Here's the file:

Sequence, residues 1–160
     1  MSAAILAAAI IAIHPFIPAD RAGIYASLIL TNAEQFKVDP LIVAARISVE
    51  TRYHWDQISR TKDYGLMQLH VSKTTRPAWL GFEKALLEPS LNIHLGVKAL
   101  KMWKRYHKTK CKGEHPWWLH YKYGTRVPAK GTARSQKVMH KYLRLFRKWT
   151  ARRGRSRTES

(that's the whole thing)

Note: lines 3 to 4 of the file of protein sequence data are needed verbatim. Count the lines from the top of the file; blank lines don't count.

    51  TRYHWDQISR TKDYGLMQLH VSKTTRPAWL GFEKALLEPS LNIHLGVKAL
   101  KMWKRYHKTK CKGEHPWWLH YKYGTRVPAK GTARSQKVMH KYLRLFRKWT